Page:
Smoke Gets In Your Nose

by | Aug 29, 2013 | Health and Well Being

I woke up this morning with another headache. And the fear that the house was on fire. Out of bed and on the way to inspect the property without being properly dressed, I finally realized that the smoke from the Rim Fire had returned. Back inside I went to my medicine cabinet and pulled out a plastic bottle that has been doing emergency stand-in duty for the Nitti Pot, the little ceramic teapot thingy bob that my holistic doctor had advised me to use to ward off my chronic sinus problems. And, thus, another offering for the Enterprise was born.

Frustrated with the antibiotic cycle of ten days on pills and cortisone sprays, a week of relief, and then another sinus attack, some lasting six weeks, I finally went to a surgeon. After looking at my chart/history he said that my doctor had “done everything he could” with my sinuses. So, we scheduled surgery and he poked four holes in my upper gums and ripped out my sinus lining. After a day in the hospital I was home and already feeling better. Unfortunately the results were temporary. When I went in for my first quarterly checkup, and four long needles full of something up into my sinus cavities by way of the same invaded gums, the surgeon admitted that the procedure didn’t take care of all sinus problems for everyone. He was right and within a year I was back on the old drug cycle.

Eventually, both of us frustrated by my weeks of being sick and wanting to do nothing but nod off on the couch, my wife and I visited yet another doctor. He diagnosed me with chronic dehydration, for starters. Seems my drinking a lot of coffee and beer weren’t exactly the kind of fluids that my body wanted. Well, actually I wanted them but my body wanted water. A soccer player and referee himself, the doctor advised me to drink a lot of water. No news there but I guess I needed to have a professional tell me that. Back in my early football, pre-broken knee, days they wouldn’t let us drink water at all. Take a sip, spit it out, ALL of it. He also recommended that I cut back on the booze, take a handful of vitamin supplements, and to use a niti pot for relief. I did and it worked.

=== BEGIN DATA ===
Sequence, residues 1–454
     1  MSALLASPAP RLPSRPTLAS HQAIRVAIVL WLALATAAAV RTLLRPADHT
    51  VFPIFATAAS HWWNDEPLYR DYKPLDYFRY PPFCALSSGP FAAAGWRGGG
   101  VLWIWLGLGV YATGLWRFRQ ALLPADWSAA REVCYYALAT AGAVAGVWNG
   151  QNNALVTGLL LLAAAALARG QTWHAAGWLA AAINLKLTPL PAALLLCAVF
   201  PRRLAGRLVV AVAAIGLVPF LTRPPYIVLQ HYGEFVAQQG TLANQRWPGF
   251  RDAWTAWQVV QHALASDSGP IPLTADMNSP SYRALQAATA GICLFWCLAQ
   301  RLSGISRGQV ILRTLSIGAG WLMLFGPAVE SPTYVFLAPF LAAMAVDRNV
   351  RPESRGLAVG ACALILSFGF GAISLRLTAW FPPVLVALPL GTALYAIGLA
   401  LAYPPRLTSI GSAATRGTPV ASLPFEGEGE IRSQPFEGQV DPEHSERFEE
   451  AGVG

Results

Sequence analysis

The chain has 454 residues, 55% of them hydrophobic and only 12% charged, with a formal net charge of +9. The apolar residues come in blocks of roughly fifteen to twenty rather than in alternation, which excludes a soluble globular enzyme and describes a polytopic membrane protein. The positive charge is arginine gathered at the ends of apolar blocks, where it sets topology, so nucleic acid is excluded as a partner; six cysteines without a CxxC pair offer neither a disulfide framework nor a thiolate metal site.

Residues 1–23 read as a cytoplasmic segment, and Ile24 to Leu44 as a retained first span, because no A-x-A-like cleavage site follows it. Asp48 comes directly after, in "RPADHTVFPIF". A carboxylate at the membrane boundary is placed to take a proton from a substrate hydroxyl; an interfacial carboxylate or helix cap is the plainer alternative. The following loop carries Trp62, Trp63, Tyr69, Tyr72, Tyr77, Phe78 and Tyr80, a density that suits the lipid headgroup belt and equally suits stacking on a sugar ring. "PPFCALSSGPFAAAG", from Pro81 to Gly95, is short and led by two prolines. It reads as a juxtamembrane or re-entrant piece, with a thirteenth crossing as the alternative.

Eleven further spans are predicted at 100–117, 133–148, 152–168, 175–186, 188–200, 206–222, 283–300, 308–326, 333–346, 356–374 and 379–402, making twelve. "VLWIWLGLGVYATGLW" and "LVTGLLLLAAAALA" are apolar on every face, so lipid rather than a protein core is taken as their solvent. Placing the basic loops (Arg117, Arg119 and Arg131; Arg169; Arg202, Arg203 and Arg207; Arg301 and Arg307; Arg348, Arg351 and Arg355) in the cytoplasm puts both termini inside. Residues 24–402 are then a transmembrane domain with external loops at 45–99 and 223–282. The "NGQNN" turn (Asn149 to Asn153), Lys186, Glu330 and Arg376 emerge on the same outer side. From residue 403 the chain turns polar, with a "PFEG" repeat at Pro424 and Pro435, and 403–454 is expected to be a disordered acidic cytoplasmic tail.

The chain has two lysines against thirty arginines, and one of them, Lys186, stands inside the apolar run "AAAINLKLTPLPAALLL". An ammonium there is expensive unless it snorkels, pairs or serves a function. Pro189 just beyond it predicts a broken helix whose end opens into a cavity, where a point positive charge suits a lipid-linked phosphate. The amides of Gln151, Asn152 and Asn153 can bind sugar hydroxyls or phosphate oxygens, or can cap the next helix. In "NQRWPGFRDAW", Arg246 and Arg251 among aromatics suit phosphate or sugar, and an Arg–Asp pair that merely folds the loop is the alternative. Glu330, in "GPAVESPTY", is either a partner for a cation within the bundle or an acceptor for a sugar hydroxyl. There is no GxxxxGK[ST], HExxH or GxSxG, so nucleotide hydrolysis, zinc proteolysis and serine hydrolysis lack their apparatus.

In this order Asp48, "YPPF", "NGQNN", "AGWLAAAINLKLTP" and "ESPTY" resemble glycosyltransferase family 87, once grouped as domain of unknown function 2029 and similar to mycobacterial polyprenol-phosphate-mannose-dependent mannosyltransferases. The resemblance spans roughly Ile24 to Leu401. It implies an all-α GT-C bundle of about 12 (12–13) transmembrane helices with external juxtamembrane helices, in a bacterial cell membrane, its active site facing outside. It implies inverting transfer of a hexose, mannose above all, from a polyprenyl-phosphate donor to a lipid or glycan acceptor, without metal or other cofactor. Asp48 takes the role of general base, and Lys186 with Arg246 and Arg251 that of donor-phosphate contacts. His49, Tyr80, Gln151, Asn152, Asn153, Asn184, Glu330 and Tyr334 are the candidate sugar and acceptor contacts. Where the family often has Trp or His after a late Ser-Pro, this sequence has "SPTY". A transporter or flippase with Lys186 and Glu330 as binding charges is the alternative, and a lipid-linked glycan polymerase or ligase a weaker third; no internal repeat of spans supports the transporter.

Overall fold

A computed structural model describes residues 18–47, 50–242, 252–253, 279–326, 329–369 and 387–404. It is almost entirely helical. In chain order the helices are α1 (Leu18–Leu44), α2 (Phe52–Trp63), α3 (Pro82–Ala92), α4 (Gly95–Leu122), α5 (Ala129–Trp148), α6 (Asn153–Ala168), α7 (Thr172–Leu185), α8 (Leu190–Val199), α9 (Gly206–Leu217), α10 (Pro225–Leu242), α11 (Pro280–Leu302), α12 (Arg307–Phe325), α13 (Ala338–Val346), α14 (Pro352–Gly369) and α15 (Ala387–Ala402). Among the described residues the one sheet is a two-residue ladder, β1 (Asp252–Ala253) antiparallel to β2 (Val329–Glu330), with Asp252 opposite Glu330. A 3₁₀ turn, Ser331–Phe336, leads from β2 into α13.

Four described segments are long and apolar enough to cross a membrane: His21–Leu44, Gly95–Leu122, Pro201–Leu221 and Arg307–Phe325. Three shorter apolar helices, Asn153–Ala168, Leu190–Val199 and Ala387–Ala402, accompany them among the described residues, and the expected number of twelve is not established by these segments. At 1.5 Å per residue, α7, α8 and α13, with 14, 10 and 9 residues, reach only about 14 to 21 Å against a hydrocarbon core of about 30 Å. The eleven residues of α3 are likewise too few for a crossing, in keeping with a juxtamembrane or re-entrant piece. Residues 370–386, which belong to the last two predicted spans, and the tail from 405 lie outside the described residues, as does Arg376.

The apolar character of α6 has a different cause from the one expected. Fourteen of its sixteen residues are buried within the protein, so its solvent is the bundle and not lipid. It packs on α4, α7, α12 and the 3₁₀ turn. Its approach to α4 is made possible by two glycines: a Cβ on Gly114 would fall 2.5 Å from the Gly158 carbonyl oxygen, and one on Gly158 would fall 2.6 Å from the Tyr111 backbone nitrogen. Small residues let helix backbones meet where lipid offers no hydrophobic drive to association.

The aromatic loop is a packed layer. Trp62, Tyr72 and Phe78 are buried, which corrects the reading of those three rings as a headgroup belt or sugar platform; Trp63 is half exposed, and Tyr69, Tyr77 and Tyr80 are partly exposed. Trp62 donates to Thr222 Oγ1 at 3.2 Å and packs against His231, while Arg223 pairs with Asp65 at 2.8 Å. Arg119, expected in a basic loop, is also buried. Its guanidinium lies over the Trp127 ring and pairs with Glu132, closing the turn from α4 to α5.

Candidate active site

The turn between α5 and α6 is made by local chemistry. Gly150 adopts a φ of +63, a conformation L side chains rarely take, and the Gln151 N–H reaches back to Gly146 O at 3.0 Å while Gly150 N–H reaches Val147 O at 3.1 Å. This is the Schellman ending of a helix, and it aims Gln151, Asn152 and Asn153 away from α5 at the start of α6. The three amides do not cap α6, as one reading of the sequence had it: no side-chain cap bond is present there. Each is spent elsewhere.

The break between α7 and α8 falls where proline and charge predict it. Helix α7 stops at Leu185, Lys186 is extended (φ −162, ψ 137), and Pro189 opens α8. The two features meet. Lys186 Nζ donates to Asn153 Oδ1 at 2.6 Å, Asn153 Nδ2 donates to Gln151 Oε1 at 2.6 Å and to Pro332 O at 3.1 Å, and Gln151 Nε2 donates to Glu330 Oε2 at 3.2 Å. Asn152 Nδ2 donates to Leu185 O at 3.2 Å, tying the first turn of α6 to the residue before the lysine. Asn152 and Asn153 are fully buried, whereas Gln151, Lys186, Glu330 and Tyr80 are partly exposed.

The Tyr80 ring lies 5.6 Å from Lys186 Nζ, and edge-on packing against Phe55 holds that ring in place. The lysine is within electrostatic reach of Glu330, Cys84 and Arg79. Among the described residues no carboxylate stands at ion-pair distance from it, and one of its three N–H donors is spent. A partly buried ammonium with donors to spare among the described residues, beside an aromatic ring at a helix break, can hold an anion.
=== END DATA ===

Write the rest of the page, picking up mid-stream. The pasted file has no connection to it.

Basically the pot is a little teacup that you fill with warm water. With sea salt dissolved in the water, you tilt your head and force the water in one nostril and out the other. It feels like when you get water in your nose while swimming; not pleasant but not painful either. Enterprising souls have taken the guesswork out of the measuring of salt by packaging it in single doses. You can buy them at the drug store. I’ve read some unfavorable online articles about this procedure and most warn about using tap water for the rinse. Bacteria can wreak havoc on the body, they say. I would suggest you do a bit of research before you jump into a niti pot and, as always, it is not a panacea for all suffering noses.

Of course, being who I am, after getting all this advice I asked the doctor why I hadn’t heard about this home remedy. He smiled and said that the Chinese had been doing it for two thousand years. I asked the next obvious question; why haven’t I heard about it from the press or the men diagnosing it. Sorry lady doctors but it was guys that ushered me through everything right up to the anesthesia. His smile this time took on a hint of sarcasm as he held up his right hand and rubbed his thumb and middle finger together in the universal sign for wampum. As I said in my prescription drug op editorial, it is not in the drug cabal’s best interest to have people using this technique and avoiding high-priced drugs.

This is not meant to be a putdown of the medical profession. It just occurred to me as I reached for my Excedrin Migraine pills this morning. I realize there are pros and cons and that I am not trained to hand out medical advice. Let’s say it is just one person’s experience and leave it at that, with the caveat that if a niti pot helps just one other suffer then my work here is done. One of the nice things about living in this area is the natural beauty. One of the saddest aspects are these fires, even though a healthy forest needs them from time to time. Until this morning I’d never really consider that the smoke and how it can affect human. I was mostly busy worrying about the poor wildlife.

Jerry Tuck is a retired San Andreas resident and an indie author. Contact him at or use the Contact Form.

Jerry Tuck

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